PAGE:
Office of the Senior Vice President for Native American Advancement and Tribal Engagement

Nathan Levi Esquerra Biography


Nathan Levi Esquerra grew up in Parker, home of the Colorado River Indian Tribes, one of the 22 federally recognized sovereign Native American tribes in Arizona. He is a member of the Chemehuevi Indian Tribe, based in Havasu Lake, California, 40 miles north of Parker on the Colorado River. SVP Esquerra is the first Senior Vice President for Native American Advancement at the University of Arizona. He is passionate about improving Native American student success and promoting tribal interests.

As a first-generation Native American college student, SVP Esquerra recognizes that Native students face unique challenges. He mentions that family support was crucial for him and his six siblings in pursuing college degrees – five of them, including Esquerra, have advanced degrees. “My mom,” says SVP Esquerra, “was a big advocate for education; she was one of my heroes in that regard. She instilled in me the value of education at a very young age. It wasn't if I was going to go [to college]. It was where I was going to go. I was so grateful for that.”

Not everything was easy for SVP Esquerra when he started college. He still remembers his first class, Algebra. “I walked in, and it was an auditorium, and there were more students in there than the whole student body of my high school. And that was kind of a culture shock. In the same breath, I started to understand not all places are like where I grew up and [I realized] there's a lot of strengths where I grew up. And then there are some things that maybe I wasn't prepared for when I left [home].” That first experience in college didn’t discourage him. Now SVP Esquerra advocates for students reaching their true potential, which he believes is the real definition of success.

SVP Esquerra is convinced that Native students’ support should be accompanied by a strong commitment from the university to build programs and research capacity to engage with Native students and communities in honorable and respectful ways. His more than 20 years of experience collaborating with tribes has led to long-term positive impacts. For him, collaboration is about getting to know each other, engaging and learning, and respecting different viewpoints. He says UArizona has given him a great opportunity and a big responsibility to engage tribal and university leaders to pursue common goals and build long-term collaborations.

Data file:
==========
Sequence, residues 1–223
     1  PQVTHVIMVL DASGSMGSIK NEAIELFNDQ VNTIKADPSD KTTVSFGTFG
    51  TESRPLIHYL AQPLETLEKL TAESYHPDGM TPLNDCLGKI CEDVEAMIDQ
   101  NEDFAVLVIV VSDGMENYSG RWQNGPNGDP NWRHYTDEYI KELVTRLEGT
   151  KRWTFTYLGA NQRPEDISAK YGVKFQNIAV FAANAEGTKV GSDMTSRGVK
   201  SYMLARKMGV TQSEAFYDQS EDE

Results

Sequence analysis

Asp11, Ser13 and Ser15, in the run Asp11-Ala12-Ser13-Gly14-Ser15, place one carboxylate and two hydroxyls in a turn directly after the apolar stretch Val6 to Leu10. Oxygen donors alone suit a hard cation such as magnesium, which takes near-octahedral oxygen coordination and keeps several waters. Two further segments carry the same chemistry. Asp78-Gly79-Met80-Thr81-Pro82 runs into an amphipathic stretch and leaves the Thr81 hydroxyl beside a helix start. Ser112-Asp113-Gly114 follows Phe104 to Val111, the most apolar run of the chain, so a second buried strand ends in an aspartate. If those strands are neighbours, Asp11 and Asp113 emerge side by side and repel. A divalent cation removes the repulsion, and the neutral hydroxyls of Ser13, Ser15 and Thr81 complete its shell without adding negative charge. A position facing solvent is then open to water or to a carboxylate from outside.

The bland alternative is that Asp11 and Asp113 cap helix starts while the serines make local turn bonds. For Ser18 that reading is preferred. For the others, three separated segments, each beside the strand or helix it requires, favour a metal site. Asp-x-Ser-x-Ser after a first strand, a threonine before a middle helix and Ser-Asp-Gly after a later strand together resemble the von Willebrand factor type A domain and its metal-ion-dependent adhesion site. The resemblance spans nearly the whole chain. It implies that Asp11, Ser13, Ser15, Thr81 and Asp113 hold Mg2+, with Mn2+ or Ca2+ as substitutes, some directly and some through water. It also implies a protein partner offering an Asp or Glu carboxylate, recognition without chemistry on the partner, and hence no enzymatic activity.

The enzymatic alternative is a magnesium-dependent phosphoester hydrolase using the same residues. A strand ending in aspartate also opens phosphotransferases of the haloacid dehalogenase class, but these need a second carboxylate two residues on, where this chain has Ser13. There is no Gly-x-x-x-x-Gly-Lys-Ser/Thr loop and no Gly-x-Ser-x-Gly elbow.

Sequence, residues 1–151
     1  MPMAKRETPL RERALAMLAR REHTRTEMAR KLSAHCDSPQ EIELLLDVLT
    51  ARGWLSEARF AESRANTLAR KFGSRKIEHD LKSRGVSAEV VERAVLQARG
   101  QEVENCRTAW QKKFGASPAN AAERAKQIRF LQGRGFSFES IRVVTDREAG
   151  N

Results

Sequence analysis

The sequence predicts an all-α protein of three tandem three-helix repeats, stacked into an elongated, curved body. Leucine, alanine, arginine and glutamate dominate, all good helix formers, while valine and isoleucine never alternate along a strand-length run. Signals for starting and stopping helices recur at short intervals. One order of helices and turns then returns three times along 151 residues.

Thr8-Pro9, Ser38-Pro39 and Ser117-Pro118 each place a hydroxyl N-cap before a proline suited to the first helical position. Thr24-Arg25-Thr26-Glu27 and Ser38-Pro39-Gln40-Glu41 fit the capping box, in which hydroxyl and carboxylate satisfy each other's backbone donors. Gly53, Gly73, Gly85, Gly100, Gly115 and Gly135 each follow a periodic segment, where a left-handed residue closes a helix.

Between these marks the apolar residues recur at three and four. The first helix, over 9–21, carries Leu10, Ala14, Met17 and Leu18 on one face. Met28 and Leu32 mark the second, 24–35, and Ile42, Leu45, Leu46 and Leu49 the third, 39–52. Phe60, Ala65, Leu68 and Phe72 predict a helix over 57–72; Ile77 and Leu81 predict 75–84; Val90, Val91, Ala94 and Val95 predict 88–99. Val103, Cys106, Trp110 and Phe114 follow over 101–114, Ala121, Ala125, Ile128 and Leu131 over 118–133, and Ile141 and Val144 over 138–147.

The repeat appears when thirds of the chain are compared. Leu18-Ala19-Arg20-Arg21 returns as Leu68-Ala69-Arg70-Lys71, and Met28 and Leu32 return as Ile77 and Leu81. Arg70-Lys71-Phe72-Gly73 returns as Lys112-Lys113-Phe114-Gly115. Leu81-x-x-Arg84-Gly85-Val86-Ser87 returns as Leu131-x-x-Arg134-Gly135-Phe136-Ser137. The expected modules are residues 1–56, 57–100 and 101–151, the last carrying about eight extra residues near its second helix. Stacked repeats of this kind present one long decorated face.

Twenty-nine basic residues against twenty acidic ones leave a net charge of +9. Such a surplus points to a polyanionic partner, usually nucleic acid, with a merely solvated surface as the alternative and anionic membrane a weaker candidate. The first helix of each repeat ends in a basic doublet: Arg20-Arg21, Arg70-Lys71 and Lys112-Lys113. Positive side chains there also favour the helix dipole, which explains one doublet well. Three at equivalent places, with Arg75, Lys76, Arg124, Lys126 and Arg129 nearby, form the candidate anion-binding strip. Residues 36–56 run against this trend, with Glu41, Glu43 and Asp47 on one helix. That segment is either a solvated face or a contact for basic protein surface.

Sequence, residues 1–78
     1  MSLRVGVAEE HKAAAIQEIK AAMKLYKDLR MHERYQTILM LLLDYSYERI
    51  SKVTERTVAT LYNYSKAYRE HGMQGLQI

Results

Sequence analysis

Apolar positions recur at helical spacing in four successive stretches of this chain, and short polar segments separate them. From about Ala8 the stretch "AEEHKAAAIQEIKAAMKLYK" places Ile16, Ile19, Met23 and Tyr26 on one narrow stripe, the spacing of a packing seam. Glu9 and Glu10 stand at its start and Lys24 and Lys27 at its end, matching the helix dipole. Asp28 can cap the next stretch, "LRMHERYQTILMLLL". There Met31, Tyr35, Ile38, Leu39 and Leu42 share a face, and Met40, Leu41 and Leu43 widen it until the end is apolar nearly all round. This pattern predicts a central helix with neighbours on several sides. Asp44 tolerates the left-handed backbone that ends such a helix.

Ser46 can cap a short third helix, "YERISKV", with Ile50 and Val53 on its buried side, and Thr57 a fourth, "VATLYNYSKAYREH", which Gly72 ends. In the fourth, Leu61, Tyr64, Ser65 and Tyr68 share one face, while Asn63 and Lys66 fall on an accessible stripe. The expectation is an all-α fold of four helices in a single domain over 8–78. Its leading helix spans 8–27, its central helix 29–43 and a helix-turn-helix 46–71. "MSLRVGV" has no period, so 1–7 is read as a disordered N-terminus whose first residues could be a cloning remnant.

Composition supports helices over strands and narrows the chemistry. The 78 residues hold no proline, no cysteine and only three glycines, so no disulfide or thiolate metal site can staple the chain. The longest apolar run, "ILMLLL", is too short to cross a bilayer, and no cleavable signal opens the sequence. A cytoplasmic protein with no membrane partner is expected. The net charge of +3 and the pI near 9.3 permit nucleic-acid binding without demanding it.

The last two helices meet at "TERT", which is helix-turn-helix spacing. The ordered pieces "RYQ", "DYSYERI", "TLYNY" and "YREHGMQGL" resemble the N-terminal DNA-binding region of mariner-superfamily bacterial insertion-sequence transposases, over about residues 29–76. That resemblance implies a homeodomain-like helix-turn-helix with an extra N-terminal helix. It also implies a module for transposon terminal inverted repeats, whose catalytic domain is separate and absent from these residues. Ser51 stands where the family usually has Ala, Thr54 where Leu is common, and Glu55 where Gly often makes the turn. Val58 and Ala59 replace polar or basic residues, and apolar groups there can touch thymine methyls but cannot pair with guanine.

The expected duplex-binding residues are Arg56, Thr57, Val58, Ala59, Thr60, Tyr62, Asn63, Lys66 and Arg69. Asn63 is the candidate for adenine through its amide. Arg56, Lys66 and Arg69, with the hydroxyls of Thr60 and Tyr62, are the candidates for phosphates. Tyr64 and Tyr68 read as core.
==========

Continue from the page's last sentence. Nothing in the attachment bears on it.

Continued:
“First, get to know the people, their culture. Visit their communities. Second, take time to engage and learn firsthand from them: Listen and share. If you have empathy and learn from one another, you grow. Third, build on commonalities. We all have common goals: a clean environment, a thriving economy, a healthy life. And four, always, always, follow up; it shows respect. [Building a relationship] takes patience. From patience comes respect. And from respect comes trust.” 

SVP Esquerra supports tribal sovereignty, believing that tribal sovereignty presents many challenges but also great opportunities. He understands he’s not starting from zero and is ready to build on UArizona’s talent and resources to engage respectfully with Native Nations. He believes that connecting tribal leaders and elders with senior leadership, faculty, and staff to share experiences and learn from one another is a critical step to a long-lasting relationship. 

“I've visited several tribes many times, and I'm still learning. But I think we all have a passion for learning. And that’s one of my goals-- for everyone [at the University and elsewhere] to say, ‘Yeah, I've been to this tribe, and I went to this tribe and I learned and grew as a person. I have a better understanding of the tribes, their culture, and their way of life. ’” SVP Esquerra has visited other tribes outside the country, including a visit to Indigenous tribes in Argentina and Canada.

Senior Vice President Esquerra earned a bachelor’s degree from Brigham Young University, where he studied communications and sociology, and a master’s degree in social and economic development from Washington University in St. Louis. He sits on the board of directors for the Arizona Rural Development Council and the Local First Arizona Foundation.

Published by the Agnese Nelms Haury Program in Environment and Social Justice, October 13, 2020.